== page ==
The Effects of Pushing Academics Too Hard
By Peggy Tsatsoulis
Parents want what is best for their children. They want their
children to be happy, smart, and successful. Educational level and
school performance serves as the measuring stick. Parents believe if
a student excels in school, s/he will excel in life. Striking a
balance between accepting a child's performance and pushing a child
to reach a higher level can be very difficult. However, pushing too
hard will impact your child negatively.
In my tenure as a psychologist and coach, I have
heard countless middle school students say: "What's wrong with a B,
they expect me to make straight A's", "I hate being the example",
"They just want me to get into an IV league college- I'm only in 6th
grade I don't want to think about college yet", "They just want to
brag to their friends". At times, parents can lose sight of how hard
they push their kids. In addition, they can be negligent in
realizing the negative impact pushing may have on their child's self
esteem. Pushing too hard can be internalized as - You're not good
enough. This message can translate into a number of different
behaviors. For example, I have worked with children who have shut
down and given up on academics completely because the pressure is
too great. In their minds, not trying and being a failure is a lot
better than trying and being a failure. I also have seen students
resort to lying and cheating just to make the grade. These students
know it is wrong to cheat or copy their friend's homework; however,
the praise and parent satisfaction for bringing home a good report
far outweighs the guilt and consequences for getting caught.
It is common knowledge that children would rather
stay in their comfort zones rather than take risks, especially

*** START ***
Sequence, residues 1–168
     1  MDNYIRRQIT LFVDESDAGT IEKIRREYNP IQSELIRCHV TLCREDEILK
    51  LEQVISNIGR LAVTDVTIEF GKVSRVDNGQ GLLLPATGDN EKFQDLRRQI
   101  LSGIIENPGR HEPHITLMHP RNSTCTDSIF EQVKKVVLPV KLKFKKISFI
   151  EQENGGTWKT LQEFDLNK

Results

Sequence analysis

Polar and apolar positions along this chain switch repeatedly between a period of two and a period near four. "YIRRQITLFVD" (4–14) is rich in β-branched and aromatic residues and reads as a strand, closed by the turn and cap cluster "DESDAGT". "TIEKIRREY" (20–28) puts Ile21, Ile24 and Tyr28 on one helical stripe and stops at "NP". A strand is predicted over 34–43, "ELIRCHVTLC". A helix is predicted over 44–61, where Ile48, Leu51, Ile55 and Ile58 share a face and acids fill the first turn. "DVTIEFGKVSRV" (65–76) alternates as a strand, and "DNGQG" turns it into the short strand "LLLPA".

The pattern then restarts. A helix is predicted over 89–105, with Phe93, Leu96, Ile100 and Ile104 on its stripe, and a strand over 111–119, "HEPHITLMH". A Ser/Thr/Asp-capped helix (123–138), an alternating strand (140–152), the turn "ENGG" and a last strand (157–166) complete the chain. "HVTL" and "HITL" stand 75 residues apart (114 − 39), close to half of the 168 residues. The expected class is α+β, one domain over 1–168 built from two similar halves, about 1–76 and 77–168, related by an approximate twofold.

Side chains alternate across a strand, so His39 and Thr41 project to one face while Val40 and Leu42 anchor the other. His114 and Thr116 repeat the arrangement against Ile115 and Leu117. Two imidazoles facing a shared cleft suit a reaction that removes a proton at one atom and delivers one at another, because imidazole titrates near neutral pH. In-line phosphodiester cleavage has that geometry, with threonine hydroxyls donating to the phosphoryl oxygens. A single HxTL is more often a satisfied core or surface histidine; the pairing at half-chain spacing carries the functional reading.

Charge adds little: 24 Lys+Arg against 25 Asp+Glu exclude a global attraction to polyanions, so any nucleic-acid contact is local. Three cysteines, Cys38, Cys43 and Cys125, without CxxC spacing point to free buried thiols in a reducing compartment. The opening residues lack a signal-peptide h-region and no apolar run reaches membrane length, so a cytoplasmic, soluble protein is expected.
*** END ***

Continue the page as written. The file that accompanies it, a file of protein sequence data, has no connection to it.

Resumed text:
academically. It is important for parents to set high standards for
their children. So how can a parent maintain a balance between
setting "high standards" and putting undue pressure on their child?
1. Self Reflect.
a) Figure out the reasons why it is important for
you to push your child. Be honest and frank with yourself. The
reasons may not be pretty at times, but by accepting the ugly, you
can let go and make changes.
b) Determine where your child is academically and
where you want them to be. Then reflect on whether these
expectations are realistic, too demanding, or not demanding enough.
2. Practice acceptance.
Know your child and adjust
your expectations. For example, B's may be acceptable in reading
because, as the parent, you know reading has not been easy for your
child since first grade.
3. Make it a point to speak with your kids
Kids will open up when you least expect it, so always be
ready for a conversation. Most often, parents have the best
conversations with their children in the car on the way to or from
an event (i.e. soccer practice). Ask them two basic questions:
1)what do you need from me, how can I support you in your school
work? 2) do you feel I put too much pressure on you? Most often they
will give you honest feedback and tell you what they need.
4. Pay attention.
Notice any changes in your child's
behavior. Pay attention to eating and sleeping habits, the kinds of
friends they hang out with, as well as the consistency in their
5. Speak with your child's teachers and/or
Always make it a point to speak with your child's
teachers. I recommend a check in phone call twice a year. Ask the
teacher how you can be supportive to the academic process? Ask the
teacher how much help s/he expects for you to give your child on
homework. Furthermore, a good counselor is a parent's best resource.
Counselors have tools and tips to help you be a support system to
6. Relax and Know - that everything will work out.
By taking a balanced and supportive stance in your
child's academic life, you will ensure that your child will grow and
Peggy Tsatsoulis, MA CAGS - is a highly sought after Professional
Life Coach and Certified Psychologist with over ten years of
experience. She has been dedicated to working with individuals to
improve the quality of their lives, and her focus has been on
bringing out the best in others. For more information and resources,
or to sign up for a free e-course and/or consultation please visit